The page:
5. Mr. Joshi submitted that undoubtedly at one time the view held was that in case of single venture in the nature of trade, the question of assessing profits arises only when the venture comes to an end, but he submitted that in a later decision the Supreme Court has taken a contrary view. His submission relying upon this decision of the Supreme Court was that it was not correct to say that the profits of the adventure could be determined only at the time of the completion of the entire venture. For income-tax purposes each year was a self-contained unit and in the case of a trading adventure, for computing the true profits of the year the value of the stock-in-trade at the beginning and at the end of the accounting year had to be taken into account. He, therefore, submitted that having regard to this later view taken by the Supreme Court the Tribunal was not justified in accepting the contention of the assessee and in allowing a deduction in respect of the expenses of Rs. 42,338.
6. In In re K. H. Mody : 8ITR179(Bom) , a Division Bench of this court while considering the case of assessment in respect of an income arising out of a purchase of a large area of land with borrowed capital and sale of plots for building purposes, has taken the view that, when there is a single venture in the nature of trade, the question of assessing profits arises only when the venture comes to an end. This case related to a question where a large inam village comprising of several hundred acres of land was purchased and thereafter it was divided into plots and plots were sought to be sold. The Divisions Bench in this case took the view that as the transaction was not completed could not be said on the facts stated that the amount sought to be taxed represented profits. A somewhat similar case in respect of a venture in the nature of trade whereby vast areas of land were purchased and they were sought to be divided, came up for consideration before the Supreme Court in P.M. Mohammed Meerakhan v. Commissioner of Income-tax : 73ITR735(SC) . The Supreme Court took the view that the transactions of the assessee constituted an adventure in the nature of trade and were in the course of a profit-making scheme. The Supreme Court concurred with the view that was taken by the Income-tax Officer by holding that the Income-tax Officer had correctly estimated the profit of the assessee by treating the land as stock-in-trade and valuing it according to the normal accountancy practice. The Supreme Court held that it was not correct to say that the profit of the adventure could be determined only at the time of the completion of the sale of the entire estate. Each year was as self-contained unit and in the case of the trading adventure, for computing the true profits of the year, the value of the stock-in-trade at the beginning and at the end of the accounting year had to be taken into account.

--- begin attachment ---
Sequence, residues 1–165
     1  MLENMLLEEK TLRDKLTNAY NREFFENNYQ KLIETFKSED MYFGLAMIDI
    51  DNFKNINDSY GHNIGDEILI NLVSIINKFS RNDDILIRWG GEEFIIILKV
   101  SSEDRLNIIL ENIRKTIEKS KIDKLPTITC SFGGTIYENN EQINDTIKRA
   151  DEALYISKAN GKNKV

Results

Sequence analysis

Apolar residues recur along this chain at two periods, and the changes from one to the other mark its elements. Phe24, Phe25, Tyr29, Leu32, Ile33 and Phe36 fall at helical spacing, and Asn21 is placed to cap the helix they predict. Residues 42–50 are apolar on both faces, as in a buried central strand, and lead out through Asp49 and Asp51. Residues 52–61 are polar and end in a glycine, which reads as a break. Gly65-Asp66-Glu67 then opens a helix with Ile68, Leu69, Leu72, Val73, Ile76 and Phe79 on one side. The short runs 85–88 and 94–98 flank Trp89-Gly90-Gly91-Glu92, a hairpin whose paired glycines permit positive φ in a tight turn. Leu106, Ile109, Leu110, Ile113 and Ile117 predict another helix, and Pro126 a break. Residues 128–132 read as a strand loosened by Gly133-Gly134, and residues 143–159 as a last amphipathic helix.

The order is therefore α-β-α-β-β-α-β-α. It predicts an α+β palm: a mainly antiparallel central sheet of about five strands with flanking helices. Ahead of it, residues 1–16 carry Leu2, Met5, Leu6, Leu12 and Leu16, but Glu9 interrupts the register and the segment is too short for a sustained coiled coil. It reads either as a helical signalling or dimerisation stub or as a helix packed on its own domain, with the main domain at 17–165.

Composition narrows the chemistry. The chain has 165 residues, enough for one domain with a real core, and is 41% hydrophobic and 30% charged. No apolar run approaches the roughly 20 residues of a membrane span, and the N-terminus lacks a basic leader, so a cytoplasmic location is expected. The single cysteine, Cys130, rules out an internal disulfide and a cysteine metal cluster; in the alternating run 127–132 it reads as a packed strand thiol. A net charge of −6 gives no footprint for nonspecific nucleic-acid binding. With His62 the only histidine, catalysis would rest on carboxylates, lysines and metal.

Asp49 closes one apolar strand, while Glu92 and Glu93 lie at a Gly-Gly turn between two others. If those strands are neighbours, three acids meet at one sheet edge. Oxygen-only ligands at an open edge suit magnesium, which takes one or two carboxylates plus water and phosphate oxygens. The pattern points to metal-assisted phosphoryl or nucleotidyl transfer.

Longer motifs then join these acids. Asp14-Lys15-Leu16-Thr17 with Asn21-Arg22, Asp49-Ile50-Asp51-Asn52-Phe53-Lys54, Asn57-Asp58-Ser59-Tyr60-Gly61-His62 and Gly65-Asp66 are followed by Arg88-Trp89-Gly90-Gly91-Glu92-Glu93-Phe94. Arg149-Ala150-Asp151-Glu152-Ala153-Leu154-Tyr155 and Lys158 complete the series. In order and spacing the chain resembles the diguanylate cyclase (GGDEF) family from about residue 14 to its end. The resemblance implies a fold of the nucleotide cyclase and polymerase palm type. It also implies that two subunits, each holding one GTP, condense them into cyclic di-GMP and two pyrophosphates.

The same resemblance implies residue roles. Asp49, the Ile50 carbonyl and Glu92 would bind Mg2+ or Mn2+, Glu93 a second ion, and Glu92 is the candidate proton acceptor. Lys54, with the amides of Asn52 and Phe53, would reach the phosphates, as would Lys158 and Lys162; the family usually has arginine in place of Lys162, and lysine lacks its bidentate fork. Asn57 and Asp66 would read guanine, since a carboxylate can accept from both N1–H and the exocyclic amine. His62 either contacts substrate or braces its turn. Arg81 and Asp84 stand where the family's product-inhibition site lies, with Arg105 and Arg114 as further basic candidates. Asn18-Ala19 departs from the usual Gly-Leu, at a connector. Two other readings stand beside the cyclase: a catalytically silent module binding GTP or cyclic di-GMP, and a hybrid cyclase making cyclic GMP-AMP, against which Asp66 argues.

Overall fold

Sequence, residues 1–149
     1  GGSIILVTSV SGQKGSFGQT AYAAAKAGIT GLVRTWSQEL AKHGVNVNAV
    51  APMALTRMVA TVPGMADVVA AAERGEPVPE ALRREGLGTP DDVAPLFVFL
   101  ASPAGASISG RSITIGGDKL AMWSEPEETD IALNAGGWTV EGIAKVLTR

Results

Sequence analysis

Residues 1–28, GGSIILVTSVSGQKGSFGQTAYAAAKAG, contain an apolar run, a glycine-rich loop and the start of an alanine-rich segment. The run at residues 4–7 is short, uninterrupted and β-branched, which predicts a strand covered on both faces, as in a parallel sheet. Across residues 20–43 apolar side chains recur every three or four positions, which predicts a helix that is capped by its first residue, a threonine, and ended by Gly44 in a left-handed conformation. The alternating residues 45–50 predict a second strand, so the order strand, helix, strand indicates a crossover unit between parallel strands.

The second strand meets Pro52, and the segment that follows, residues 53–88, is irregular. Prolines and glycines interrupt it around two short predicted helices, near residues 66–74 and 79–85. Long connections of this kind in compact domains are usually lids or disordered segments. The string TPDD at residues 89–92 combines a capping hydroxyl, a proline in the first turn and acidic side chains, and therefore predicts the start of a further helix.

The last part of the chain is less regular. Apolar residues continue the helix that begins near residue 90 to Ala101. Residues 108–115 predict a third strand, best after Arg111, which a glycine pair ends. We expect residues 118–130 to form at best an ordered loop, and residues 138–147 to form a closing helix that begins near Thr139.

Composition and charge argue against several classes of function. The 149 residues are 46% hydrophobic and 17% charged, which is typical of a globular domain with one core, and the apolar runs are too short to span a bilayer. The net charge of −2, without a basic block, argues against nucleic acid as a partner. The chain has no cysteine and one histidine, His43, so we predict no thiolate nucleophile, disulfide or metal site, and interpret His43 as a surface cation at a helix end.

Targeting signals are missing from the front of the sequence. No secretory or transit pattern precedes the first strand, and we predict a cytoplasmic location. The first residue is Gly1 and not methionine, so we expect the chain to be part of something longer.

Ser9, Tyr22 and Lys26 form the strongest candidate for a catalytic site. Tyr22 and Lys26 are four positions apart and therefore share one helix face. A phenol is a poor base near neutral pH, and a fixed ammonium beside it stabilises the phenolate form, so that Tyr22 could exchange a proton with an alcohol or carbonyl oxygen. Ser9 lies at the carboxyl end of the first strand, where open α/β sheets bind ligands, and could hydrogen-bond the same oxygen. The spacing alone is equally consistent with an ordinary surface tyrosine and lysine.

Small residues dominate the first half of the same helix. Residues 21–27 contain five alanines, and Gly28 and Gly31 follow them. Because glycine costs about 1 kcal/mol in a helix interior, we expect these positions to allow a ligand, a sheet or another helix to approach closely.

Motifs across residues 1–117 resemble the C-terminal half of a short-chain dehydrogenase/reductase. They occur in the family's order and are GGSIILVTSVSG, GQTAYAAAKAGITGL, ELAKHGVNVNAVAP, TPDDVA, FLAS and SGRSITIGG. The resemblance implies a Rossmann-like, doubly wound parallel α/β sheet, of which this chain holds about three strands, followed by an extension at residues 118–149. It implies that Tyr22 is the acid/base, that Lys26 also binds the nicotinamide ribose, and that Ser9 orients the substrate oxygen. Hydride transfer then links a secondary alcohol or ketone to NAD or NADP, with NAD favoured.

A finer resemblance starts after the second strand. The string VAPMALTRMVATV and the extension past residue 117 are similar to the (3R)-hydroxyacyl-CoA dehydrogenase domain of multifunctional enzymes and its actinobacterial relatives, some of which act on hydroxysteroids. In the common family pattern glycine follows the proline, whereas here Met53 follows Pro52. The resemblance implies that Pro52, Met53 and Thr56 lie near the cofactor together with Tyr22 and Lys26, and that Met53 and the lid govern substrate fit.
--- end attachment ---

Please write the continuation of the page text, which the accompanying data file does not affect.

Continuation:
7. Both these cases related to the question of assessment of income arising out of sale of plots carved out from a much larger estate. Such a transaction cannot be compared with a venture for production of a single picture. The very concept of production of a picture is such that no piecemeal sale can be effected thereof. Whether the entire venture had resulted in the profit or loss to the assessee can only the be determined when the picture is completed and it is finally released. Till then, it will not be possible for anybody even to surmise whether there will be profit or loss in such a venture. It should not be overlooked that even the Income-tax Officer himself was not opposed to the cost of production of the picture being taken into account for the entire period in which the picture was produced, but he only raised an objection to the establishment expenses for the period June 1, 1951, to March 31, 1952, being taken into account. Such artificial differentiation between the two costs was not permissible especially when there is a single venture and the entire cost is incurred for the production of the picture. In the case of such a transaction the net profits or loss can only be ascertained upon completion of the picture and the release thereof. Thus, the Tribunal was justified in allowing the amount of Rs. 42,338 as expenses incurred by the assessee during the period June 1, 1951, to March 31, 1952, for the assessment year 1953-54. Thus, our answer to the question referred is in the affirmative and in favour of the assessee. The revenue shall pay the costs of the assessee.